alifarhatt says:

like the unity guys said it can be done, but costs money. I say power to MS for sticking to its guns. Tough descision, but beneficial in the long run. Hold out guys, coz this is gonna turn into the whole xbox scenario pretty soon with MS coming back to conquer.

Bei337 says:

I don't see your point. How is this beneficial in the long run? Xbox 360 was very open to its developers, and it's way easier to make games on it than PS3, hence the success. This is not nearly the same, if not the exact - Amazing WP7 wallpapers a scan away!

xKophsx says:

"major gaming engine."im sorry but unity is NOT a major gaming engine.there is no AAA games made with it, there are no real unity xbox360 games i know. on PC it doesn't even try to support directx 11 which is starting to take its place in pc gaming.yeah its used more for mobile games, i have seen some, but they are far from "super amazing". so is this a loss? not at all.its not like without or with unity games will be better or worse on Wp7, that depends on developers. when it was about unreal engine, it wasn't good news but not bad news either as well. i havent even seen many iOS nor android games made with it. but it could make "easier" and help geting some big titles for Wp7.but its just my opinion of course.

In mobile and web development, Unity is a major game engine. Perhaps even the premier engine.

xKophsx says:

and what games developed with unity are soooo amazing that wp7 needs it? none... only because there are some games made with unity for mobile and web, it doesn't mean it should be called major... it only means that Unity is used, thats all.all of them are not that great nor unique, and they are far from big/amazing titles. unreal engine 3 has too many games, big titles, amazing AAA games. so having unreal engine on wp7 would make hopes for big titles on wp7. but oh wait, by your words i can go and ask guys at stonetrip that if they will port shiva3d (which i think is really good) to wp7, because i have seen alot of games made with it so it is a major engine! /s

MS may change the kernel that Windows Phone is built on soon. Maybe with WP8 or WP9.Giving native access to a game engine would only ensure that the games developed with it would no longer work when the new base OS is used.The reason MS is using XNA us because it is non-native. XNA can still be put on the new OS and the games would still work.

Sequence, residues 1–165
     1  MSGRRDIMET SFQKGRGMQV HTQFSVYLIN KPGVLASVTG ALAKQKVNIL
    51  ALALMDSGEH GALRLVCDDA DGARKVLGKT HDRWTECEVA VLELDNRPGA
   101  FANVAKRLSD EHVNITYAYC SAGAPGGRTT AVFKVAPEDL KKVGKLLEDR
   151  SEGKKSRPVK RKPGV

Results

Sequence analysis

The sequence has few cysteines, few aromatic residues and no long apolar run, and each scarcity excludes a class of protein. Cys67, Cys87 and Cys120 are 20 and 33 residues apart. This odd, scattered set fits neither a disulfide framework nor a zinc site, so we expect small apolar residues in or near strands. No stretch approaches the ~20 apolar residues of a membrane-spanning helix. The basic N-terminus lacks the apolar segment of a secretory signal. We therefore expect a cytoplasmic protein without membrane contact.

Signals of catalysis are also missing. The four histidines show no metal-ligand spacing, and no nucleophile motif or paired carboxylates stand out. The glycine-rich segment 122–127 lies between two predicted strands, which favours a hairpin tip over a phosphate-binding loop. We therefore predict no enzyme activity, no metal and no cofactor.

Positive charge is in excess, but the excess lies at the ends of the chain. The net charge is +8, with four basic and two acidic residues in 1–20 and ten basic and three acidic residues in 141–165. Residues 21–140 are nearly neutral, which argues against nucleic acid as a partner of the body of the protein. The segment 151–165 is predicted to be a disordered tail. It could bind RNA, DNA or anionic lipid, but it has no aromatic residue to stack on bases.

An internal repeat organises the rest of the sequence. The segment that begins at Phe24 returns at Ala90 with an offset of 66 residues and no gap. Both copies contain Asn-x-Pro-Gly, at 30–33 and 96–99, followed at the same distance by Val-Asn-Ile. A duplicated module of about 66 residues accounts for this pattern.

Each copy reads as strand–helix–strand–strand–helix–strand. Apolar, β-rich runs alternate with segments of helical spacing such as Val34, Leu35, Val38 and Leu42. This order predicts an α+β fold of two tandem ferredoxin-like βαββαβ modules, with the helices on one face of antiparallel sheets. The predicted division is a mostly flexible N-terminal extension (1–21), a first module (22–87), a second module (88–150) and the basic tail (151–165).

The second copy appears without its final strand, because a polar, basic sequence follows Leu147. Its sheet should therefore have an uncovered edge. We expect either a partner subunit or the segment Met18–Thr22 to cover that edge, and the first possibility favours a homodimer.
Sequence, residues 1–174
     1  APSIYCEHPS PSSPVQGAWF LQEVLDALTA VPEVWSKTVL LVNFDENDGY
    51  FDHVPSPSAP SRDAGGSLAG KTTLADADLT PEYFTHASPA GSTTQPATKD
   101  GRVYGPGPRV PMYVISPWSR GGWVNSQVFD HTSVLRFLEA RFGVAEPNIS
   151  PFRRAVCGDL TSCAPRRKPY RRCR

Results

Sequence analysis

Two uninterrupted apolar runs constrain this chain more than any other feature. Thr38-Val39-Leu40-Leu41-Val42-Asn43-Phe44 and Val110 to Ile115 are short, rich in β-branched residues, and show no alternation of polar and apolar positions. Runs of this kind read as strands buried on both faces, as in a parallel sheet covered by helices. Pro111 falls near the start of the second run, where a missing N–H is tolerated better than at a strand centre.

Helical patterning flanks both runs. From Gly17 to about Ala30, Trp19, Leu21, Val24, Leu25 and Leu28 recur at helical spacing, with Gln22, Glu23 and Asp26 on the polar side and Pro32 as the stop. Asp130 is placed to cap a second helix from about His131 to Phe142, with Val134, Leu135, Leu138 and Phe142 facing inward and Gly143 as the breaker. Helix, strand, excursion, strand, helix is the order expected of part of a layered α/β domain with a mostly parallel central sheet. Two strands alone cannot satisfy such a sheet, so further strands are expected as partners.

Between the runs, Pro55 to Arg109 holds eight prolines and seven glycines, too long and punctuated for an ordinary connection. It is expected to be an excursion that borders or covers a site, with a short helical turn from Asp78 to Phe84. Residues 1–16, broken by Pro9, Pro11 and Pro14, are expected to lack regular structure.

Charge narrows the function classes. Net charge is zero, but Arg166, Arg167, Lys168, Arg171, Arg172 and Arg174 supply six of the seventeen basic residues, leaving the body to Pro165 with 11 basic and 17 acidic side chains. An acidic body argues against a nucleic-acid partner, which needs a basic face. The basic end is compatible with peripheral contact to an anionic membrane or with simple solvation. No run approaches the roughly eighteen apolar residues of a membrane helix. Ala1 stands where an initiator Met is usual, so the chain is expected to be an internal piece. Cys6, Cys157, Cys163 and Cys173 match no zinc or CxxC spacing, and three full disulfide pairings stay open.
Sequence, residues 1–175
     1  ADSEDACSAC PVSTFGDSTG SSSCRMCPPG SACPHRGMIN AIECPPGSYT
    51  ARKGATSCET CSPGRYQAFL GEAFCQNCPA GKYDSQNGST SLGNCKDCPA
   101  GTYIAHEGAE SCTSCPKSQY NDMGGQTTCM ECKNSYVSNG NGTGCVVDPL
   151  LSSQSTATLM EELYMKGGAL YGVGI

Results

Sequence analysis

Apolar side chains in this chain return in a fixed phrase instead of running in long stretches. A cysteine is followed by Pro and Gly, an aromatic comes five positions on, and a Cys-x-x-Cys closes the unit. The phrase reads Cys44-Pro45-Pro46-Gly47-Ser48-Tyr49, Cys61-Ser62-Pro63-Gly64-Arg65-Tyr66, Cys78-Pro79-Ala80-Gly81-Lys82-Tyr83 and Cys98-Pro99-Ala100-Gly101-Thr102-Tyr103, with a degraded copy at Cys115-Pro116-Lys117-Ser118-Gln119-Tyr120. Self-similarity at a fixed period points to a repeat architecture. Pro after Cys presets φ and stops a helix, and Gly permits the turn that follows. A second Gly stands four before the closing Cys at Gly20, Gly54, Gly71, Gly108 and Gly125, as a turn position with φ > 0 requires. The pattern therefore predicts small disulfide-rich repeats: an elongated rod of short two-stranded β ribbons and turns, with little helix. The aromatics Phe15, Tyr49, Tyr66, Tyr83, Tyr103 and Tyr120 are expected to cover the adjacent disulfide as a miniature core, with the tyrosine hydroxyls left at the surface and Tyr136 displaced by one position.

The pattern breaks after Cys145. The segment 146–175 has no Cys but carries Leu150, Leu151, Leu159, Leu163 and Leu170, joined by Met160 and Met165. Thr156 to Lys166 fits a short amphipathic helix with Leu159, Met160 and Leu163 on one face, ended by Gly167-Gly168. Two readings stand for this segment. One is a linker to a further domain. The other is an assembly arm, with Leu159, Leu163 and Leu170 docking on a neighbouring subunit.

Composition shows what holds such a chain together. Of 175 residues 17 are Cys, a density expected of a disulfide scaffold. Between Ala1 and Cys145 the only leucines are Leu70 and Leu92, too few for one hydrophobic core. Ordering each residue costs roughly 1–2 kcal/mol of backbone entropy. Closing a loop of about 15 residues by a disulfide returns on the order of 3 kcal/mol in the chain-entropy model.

nkast says:

Big players willing to invest on the WP7 ecosystem had no problem in the past to work with microsoft and gain native access.ex: thing is that Unity is not a single application, its a Game Engine or if you like, an App Generator. Meaning that every app generated and submited by 3rd parties should get native access as well. This is not possible for the obvious reasons. Microsoft lately takes security very seriously.

planetarian says:

This is an important point. It's no longer an issue of granting a single app native access here; this is opening the floodgates for anyone and everyone.

MarkAllett says:

More ammunition for fanboys to beat us over the head with!

vamn says:

At least they're considering working on a version for WP8. I hope Microsoft can woo them back to WP7 since it's likely to be around for a while longer. I would hate for WP7 to lag behind more in the games market just as it was getting started. A major dev saying their OS is more closed than iOS (c'mon, Apple is the king of closed, restrictive systems!) is just a bad sign. :(

MastrMeatWad says:

I don't know what to think. I want to see more exclusives AND all the games I can get on my ipad or my wifes android on my wp7 phone. To turn down Epic/unreal is silly. MS should have worked out a huge deal with them, buy them, whatever the case. Seeing less exclusives is a bad thing. MS getting in with twisted pixel was a great move, but they need some major developers.